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Key changes in employment law to look out for in 2020

Posted by Davenport Solicitors Team on February 12, 2020 in Employment Law

Employment law is constantly changing and employers need to ensure that they keep on top of the changes, as errors could be detrimental to the business. 2020 is an important year, where we will see a number of key changes.

1. New right to a written statement of terms

At the moment, employees who have been continuously employed for more than one month must be provided with a written statement of terms within two months of commencing employment.

However, from April 2020, all new employees and workers will have the right to a statement of written particulars from their first day of employment. Additional information will have to be added as part of the extended right, which includes:

  • the hours and days of the week the worker/employee is required to work, whether they may be varied and how
  • entitlements to any paid leave
  • any other benefits not covered elsewhere in the written statement
  • details of any probationary period
  • details of training provided by the employer

Employers should start preparing and ensuring that they revise the statement of particulars and ensure that these include every element of the new requirement.

Employers will need to consider who may qualify as a worker and issue a separate particulars for them.

2. The Agency Worker Regulations 2010

The Agency Worker Regulations 2010 (AWR 2010) allows agency workers to receive the same pay and basic working conditions as employees directly recruited by the employer once they have completed 12 weeks’ continuous service working in the same role.

The “Swedish derogation” currently provides an exemption to the right to equal pay, if agency workers are employed under a permanent contract of employment with the temporary work agency and are paid by the agency for periods between assignments.

From 6 April 2020, the Swedish derogation is removed. Once agency workers have satisfied the 12 week qualifying period they will be entitled to equal pay to workers who are engaged directly by the employer. Further, from 6 April 2020, all agency worker seekers must be given a key facts statement setting out the terms under which they will undertake the work.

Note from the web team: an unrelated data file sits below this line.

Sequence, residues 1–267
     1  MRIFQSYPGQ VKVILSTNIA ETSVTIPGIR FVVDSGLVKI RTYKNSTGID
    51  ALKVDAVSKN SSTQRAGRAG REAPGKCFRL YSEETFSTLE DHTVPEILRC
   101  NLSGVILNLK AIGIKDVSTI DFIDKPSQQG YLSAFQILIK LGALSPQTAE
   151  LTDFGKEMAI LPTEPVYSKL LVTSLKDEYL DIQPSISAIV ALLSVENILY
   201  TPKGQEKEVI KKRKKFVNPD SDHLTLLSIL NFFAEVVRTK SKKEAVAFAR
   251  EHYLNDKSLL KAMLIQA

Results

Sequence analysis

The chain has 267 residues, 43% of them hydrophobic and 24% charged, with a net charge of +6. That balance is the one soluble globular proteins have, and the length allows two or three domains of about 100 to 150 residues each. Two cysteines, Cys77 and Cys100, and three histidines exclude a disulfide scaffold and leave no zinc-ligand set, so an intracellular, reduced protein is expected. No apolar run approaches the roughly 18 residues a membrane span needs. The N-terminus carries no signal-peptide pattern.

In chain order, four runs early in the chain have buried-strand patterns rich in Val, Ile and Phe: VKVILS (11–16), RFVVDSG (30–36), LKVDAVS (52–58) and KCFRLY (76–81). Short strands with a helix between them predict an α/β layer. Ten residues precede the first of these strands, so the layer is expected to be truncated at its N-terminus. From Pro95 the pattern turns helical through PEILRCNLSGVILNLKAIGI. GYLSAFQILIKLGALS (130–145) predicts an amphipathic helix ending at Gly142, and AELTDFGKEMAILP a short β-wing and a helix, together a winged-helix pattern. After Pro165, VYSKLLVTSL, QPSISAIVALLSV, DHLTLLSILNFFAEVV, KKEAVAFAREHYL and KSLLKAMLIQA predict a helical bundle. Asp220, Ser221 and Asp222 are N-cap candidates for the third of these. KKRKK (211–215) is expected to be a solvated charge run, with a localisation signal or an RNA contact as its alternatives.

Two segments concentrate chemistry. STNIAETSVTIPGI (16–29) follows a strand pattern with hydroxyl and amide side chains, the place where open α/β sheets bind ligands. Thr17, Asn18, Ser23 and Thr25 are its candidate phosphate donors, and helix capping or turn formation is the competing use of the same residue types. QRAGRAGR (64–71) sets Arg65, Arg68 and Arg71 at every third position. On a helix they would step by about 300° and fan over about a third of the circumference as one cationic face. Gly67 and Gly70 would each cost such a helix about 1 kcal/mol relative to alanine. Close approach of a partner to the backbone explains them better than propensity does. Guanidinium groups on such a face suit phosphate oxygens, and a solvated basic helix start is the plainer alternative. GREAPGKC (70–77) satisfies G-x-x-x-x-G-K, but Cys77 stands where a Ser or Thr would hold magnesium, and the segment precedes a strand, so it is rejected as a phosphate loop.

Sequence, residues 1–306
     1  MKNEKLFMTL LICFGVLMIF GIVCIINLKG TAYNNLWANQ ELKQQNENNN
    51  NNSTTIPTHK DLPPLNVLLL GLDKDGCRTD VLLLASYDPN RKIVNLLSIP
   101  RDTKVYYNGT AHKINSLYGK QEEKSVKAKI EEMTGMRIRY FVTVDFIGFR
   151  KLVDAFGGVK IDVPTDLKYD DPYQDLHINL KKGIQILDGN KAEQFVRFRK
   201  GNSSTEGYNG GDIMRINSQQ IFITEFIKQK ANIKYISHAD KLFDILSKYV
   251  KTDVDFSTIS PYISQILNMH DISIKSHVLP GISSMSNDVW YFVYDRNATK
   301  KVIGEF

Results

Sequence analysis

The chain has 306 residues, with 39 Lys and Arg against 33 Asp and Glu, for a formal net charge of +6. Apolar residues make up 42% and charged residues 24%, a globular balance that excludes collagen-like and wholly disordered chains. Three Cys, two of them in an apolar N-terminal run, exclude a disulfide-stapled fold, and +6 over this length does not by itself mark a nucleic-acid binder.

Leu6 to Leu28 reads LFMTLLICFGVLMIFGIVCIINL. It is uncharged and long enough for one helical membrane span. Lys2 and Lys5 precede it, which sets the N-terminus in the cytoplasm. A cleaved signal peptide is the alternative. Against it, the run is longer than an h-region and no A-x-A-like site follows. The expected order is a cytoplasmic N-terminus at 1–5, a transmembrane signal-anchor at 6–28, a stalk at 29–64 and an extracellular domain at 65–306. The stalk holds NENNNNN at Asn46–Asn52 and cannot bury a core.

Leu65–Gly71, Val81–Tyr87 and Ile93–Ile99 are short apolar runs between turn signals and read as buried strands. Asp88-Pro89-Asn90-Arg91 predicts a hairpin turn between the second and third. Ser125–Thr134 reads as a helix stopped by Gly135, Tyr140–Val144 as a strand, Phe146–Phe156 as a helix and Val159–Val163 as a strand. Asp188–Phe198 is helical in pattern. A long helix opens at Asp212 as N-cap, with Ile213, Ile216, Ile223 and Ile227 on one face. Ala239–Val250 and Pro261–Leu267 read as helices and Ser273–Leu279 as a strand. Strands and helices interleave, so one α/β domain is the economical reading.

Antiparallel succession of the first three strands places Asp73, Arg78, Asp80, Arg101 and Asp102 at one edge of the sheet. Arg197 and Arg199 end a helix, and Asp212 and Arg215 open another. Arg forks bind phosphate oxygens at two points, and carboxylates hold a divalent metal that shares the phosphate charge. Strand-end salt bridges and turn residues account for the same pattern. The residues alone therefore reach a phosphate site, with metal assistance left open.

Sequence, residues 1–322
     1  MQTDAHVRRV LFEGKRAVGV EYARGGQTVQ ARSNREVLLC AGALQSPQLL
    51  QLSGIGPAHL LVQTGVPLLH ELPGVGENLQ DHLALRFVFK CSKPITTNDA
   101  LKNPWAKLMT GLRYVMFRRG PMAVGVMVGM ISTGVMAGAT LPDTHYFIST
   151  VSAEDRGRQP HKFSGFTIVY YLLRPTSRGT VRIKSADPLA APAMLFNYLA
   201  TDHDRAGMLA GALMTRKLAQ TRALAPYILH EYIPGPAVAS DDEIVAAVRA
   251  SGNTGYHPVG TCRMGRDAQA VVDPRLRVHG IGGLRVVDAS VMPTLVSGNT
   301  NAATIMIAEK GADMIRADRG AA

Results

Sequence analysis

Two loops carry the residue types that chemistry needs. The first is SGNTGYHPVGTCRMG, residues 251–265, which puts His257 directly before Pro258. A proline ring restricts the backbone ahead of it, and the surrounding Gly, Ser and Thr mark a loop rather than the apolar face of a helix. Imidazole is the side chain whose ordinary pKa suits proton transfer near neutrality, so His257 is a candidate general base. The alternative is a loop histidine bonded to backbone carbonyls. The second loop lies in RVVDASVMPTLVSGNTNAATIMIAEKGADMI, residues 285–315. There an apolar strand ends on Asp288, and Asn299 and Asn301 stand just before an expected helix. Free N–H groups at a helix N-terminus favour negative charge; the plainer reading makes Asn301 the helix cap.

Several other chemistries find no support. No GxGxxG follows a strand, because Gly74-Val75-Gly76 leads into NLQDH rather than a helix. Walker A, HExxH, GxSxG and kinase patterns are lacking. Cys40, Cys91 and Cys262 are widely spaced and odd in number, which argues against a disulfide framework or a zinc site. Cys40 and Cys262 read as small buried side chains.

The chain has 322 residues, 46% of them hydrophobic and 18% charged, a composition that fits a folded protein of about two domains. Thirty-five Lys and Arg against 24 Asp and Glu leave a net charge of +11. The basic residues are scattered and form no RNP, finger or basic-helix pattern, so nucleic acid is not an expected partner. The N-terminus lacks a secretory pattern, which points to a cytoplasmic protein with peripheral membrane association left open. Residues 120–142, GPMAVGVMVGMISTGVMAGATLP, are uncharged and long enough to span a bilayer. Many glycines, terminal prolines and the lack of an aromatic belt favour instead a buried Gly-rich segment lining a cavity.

On or before 30 April 2020, agency workers who have existing contracts which contain a Swedish derogation provision must be provided with a written notification by the agency that it will no longer have effect.

3. IR35 for the Private sector

Currently, the IR35 rules apply where an individual (worker) personally performs services for another person (client), through an intermediary (usually a personal service company) and if the services were provided under a direct contract, the worker would be regarded for tax purposes as being employed by the client. At the moment, it is the intermediary’s responsibility.

However, from 6 April 2020 amendments to IR35 will be implemented for medium and large businesses in the private sector.

So, for all contracts entered in to or payments made on or after 6 April 2020, the burden will shift from the personal service company to the end-user client to make a status determination. Responsibility for accounting for tax and national insurance will shift to the party who pays for the individual’s services, known as the “fee payer”.

It is therefore important that medium and large businesses carry out an assessment to determine whether the new rules under IR35 apply to their independent contractors and review their contracts and pay arrangement. Small businesses will not be caught by the changes.

4. Holiday Pay reference period adjustment

Currently, when calculating holiday pay, the reference period is 12 weeks.

However, from April 2020 the holiday pay reference period will increase from 12 weeks to 52 weeks. Employers will have to look back at the previous 52 weeks where a worker has worked and received pay, disallowing any weeks not worked or where no pay was received to calculate the average weekly pay. The change is made in the hope that it will help to even out the variation in pay for workers, especially those in seasonal or atypical roles.

5. New Parental Bereavement Leave

The Parental Bereavement (Leave and Pay) Act 2018 is expected to come in to effect in April 2020. If it does come into effect, bereaved parents will have the right to two weeks of leave following the loss of a child under the age of 18, or a stillbirth after 24 weeks of pregnancy.

Read more: Jack’s Law: The introduction of statutory parental bereavement leave

Bereaved parents will be entitled to take their leave in one two – week blocks or in two separate blocks of one week. The leave must be taken before the end of a period of at least 56 days beginning with the date of the child’s death.

Bereaved parents who have been employed with a minimum of 26 weeks’ continuous service will also be entitled to receive statutory parental bereavement pay. Those with less than 26 weeks’ continuous service will be entitled to take two weeks of unpaid leave.

The material contained on this website contains general information only and does not constitute legal or other professional advice and should not be relied upon as such. While every care has been taken in the preparation of the information on this site, readers are advised to seek specific legal advice in relation to any decision or course of action.



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